ReplyDelete
  2. I read a poem by Chinua Achebe for a 200 level English class, I really liked his themes and general style. I haven't read his novel "Things Fall Apart", but it's on my list. If you're looking for poetry for an undergrad class, I enjoyed Christina Rosetti's "The Goblin Market".

    ReplyDelete
  3. backchannel me your address and I can give you a great list. But the short form is if you want recent feminist literature there's me (specifically for Mackerel Sky or In Calamitys Wake and I can send you copies), Elizabeth Ruth (Matadora), Erin Moure, Trish Salah (I second the motion and I love teaching Trish), Hiromo Goto, Sonnet L'Abbe, Lisa Robertson, and that is a very small sample of awesome women working in the field. Looking at your field I think as well that a load of awesome indigenous writers would be a great complement and I can suggest a shitload if you tell me more about your course

    ReplyDelete
  4. I love teaching Aphra Behn's Oroonoko to first-year students. They also respond well to Paula Gunn Allen's "Pocahontas to Her English Husband, John Rolfe," Ami McKay's _Birth House_, Tomson Highway's _Kiss of the Fur Queen_, Wole Soyinka's _Death and the King's Horseman_, Zadie Smith's _White Teeth_, and so many others. After reading it this summer, I want to teach Suzette Mayr's _Monoceros_, too. Shani Mootoo, Kim Thúy worked very well in a 200-level course. And I'll just shut up now.

    ReplyDelete
  5. I've taught the poetry of Miss Lou, the Jamaican singer and poet, which went over extremely well in class. Students loved the deceptive simplicity of her work. In the same course I taught Linton Kwesi Johnson's Five Nights of Bleeding along with d'bi Young's response to it, Blood. Also, it always bugs me that people teach Athol Fugard's plays as though he (a white South African) was the sole author. They are much more interesting when you look at Master Harold and the Boys or The Island as collaborative creations with Fugard AND John Kani AND Winston Ntshona. (Seriously, I love those plays!)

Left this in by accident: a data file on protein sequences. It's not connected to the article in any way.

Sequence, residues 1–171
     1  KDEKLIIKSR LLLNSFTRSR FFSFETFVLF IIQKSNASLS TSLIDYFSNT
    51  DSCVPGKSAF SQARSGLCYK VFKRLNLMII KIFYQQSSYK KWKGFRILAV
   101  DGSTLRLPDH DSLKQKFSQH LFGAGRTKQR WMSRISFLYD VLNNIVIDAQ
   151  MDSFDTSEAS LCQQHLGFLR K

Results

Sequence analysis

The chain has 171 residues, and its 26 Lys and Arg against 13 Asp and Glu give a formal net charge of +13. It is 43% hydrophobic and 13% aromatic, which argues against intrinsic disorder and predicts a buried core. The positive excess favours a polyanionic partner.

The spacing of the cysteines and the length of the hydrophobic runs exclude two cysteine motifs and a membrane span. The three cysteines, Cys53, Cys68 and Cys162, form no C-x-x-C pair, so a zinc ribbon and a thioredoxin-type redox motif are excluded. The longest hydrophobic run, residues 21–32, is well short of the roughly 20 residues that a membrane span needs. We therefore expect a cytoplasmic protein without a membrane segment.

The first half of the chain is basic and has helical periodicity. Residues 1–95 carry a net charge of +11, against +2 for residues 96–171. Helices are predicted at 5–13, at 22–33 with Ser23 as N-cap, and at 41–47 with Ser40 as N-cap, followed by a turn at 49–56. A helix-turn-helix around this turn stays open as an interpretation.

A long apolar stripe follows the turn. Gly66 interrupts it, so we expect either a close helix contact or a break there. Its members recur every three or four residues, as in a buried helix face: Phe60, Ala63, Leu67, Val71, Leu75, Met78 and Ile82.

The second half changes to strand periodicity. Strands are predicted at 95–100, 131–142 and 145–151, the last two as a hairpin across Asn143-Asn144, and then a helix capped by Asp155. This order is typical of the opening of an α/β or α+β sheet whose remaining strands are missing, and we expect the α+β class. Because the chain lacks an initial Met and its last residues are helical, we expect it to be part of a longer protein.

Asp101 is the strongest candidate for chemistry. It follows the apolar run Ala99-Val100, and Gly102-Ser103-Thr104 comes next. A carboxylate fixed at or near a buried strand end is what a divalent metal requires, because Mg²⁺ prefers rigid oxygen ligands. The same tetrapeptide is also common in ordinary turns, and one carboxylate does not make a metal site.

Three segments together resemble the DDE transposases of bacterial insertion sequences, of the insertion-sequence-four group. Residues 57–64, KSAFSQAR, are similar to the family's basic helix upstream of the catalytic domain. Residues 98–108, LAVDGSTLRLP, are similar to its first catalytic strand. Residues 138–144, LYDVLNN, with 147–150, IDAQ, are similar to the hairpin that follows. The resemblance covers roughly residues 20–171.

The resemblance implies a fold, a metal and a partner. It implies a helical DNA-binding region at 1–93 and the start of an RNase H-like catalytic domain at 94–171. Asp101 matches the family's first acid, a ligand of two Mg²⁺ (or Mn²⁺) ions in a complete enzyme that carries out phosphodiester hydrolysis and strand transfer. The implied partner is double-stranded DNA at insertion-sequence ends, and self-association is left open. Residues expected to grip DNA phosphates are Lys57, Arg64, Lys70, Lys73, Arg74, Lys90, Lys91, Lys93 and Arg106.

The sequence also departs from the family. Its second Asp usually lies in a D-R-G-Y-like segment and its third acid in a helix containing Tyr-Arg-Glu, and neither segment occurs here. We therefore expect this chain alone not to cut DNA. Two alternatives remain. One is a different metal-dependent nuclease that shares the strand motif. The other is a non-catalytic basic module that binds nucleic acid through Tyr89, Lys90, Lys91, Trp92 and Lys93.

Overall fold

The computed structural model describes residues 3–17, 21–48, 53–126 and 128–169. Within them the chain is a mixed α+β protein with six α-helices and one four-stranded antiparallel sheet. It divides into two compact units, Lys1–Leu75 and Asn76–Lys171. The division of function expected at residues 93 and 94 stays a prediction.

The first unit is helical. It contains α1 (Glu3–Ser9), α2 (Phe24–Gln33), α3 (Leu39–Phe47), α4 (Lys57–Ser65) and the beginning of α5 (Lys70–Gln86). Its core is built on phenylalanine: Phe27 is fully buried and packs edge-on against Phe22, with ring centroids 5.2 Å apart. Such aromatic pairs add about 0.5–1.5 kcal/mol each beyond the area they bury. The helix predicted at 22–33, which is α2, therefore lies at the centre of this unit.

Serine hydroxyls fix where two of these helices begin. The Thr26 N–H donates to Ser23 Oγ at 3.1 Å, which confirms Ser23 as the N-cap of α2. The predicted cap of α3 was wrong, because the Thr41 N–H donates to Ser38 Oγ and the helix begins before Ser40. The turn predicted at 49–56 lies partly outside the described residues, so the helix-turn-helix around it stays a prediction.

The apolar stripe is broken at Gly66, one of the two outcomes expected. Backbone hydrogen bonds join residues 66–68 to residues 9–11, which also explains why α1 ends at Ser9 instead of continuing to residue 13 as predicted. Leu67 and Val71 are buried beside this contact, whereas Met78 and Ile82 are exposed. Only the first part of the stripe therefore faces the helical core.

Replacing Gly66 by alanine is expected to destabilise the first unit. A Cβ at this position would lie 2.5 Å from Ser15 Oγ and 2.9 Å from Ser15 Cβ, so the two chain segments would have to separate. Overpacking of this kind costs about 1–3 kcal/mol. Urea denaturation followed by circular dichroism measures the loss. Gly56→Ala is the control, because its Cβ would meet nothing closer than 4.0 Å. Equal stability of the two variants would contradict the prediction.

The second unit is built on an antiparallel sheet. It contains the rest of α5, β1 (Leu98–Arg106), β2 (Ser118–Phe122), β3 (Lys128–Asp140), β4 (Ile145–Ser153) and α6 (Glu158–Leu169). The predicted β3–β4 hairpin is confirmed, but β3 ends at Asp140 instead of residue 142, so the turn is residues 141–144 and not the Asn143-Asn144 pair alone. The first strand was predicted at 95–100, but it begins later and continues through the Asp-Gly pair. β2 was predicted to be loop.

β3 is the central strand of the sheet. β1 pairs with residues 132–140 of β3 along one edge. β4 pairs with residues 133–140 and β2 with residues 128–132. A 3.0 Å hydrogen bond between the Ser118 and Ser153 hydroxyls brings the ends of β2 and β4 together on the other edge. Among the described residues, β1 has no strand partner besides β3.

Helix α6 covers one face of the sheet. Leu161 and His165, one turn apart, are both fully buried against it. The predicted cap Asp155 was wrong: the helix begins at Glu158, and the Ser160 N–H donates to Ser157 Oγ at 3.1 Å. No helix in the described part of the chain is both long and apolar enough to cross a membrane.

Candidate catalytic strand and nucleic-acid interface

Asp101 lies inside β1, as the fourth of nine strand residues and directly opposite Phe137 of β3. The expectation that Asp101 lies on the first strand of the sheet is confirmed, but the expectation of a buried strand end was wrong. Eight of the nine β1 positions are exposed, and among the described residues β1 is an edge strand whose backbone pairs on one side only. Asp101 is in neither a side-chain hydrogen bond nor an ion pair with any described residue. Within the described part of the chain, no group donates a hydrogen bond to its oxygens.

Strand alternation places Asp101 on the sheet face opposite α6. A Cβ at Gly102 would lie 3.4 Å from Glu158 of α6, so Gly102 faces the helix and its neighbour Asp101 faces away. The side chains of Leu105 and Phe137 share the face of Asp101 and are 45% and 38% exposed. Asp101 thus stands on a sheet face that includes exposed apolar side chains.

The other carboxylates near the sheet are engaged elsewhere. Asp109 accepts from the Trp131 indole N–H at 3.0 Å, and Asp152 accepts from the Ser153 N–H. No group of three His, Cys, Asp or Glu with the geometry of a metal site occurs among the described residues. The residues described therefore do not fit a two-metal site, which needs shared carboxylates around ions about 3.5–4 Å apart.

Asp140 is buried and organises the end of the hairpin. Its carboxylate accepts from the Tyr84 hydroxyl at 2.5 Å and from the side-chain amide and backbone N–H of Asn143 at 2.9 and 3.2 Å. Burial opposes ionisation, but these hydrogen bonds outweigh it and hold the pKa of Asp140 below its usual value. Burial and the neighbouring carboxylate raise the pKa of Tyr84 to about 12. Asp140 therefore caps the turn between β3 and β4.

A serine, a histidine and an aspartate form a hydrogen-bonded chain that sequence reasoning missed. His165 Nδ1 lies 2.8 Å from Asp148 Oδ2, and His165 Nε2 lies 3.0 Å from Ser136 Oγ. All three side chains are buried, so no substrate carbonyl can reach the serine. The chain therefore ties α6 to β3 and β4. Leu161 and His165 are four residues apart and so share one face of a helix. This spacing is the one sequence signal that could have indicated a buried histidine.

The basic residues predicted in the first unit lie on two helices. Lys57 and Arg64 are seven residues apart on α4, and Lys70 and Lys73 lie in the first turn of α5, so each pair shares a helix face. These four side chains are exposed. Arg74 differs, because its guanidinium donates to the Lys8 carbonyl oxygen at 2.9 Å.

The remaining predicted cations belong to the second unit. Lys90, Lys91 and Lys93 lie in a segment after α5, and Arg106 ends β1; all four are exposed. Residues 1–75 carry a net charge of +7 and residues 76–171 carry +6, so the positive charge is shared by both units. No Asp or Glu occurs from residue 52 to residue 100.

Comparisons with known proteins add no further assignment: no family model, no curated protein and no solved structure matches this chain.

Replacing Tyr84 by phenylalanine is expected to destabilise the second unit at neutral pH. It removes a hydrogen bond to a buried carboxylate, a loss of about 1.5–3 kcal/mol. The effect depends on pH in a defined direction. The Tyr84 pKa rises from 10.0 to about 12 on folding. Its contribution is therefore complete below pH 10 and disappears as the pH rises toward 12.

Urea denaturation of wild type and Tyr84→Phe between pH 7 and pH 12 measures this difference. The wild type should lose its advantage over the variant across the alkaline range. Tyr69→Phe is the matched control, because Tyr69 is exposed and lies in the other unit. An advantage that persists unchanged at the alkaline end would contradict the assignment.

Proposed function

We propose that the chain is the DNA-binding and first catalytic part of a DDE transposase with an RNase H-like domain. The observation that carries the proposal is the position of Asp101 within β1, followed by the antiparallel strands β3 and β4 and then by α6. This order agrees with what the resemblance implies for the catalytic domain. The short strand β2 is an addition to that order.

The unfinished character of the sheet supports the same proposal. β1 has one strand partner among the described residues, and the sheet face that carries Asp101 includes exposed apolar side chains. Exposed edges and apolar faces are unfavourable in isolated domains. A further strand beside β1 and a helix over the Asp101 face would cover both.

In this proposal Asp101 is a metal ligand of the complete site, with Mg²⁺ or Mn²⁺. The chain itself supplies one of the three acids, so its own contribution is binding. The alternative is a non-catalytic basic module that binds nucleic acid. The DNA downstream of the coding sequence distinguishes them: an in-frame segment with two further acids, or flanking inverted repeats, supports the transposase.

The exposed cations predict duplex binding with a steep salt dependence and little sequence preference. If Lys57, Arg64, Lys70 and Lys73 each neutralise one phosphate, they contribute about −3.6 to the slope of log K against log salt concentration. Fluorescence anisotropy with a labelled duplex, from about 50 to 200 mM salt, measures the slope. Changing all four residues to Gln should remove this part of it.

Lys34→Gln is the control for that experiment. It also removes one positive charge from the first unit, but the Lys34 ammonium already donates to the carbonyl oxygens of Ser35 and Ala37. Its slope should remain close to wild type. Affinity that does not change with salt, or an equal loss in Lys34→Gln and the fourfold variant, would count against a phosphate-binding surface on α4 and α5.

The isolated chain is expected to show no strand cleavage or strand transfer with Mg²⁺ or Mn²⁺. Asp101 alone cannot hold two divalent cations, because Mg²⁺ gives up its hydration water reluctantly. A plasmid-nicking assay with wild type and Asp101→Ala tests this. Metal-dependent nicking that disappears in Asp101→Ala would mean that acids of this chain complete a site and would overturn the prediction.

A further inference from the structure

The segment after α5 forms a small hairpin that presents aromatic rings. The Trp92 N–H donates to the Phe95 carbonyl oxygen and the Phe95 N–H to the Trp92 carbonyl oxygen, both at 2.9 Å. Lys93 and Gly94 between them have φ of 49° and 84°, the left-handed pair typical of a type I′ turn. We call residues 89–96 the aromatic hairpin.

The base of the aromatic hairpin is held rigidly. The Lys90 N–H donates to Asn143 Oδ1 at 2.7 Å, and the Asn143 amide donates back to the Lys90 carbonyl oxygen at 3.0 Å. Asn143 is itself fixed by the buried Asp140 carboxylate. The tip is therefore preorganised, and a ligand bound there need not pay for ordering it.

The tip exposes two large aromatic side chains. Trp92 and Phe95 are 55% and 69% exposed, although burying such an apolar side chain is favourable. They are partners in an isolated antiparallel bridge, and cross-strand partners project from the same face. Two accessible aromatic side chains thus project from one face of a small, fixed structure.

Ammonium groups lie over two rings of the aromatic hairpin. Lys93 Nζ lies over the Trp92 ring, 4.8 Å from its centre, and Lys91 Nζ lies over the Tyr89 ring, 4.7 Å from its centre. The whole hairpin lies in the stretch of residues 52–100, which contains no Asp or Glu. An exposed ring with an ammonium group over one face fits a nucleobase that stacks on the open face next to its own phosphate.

ReplyDelete
  6. This comment has been removed by the author.

    ReplyDelete
  7. Amazing request! And it's going to help me plan my women's lit course! I'm hardly a radical and I teach mostly early 20th century, so my suggestions aren't unknowns... My favourite modernist ladies: Edna St. Vincent Millay, Marianne Moore, H.D., and Virginia Woolf. Students seem to respond really well to Sylvia Plath (much less well to Adrienne Rich) and to early Margaret Atwood (poetry or novels). For short stories, LeGuin's "The Ones Who Walk Away from Omelas" and anything by Katherine Mansfield or Flannery O'Connor (and I second the Chopin recommendation). If you'd like more details about any of this, just let me know...

    ReplyDelete
  8. Sweet merciful Leavis! I love that.

    I faced this problem teaching three centuries of poetry. Here are some random successes from that and other syllabi:

    -Atwood's "This is a Photograph of Me" (I get them to draw it), plus Eavan Boland's "Degas' Laundresses" on ekphrasis--there are lots more options here, from several centuries! And so many wonderful Irish women poets of the same generation as Atwood, who pair quite well. Also Paul Muldoon--lots of cheek and 14-liners. Yes on Moure and Sonnet L'Abbe, and Natalie Zina Walschotts for love poems to super-villains.

    -a day or two of sonnets (bear with me!) , starting traditional/formal and then getting into 20th C quasi-sonnets that stretch the genre: Harryette Mullen's "Dim Lady" with Shakespeare's "My Mistress' Eyes"; Millay's sonnets (905, "I will put chaos into 14 lines"); great for gender/queering.

    -Thomas King's short story "Borders" out loud (with student volunteers--told from his perspective as a child, and mostly dialogue), along with excerpts from The Inconvenient Indian.

    ReplyDelete

Drop us a line! We're angling for vigorous commentary, but we will cut loose any vitriol dragged up from the depths.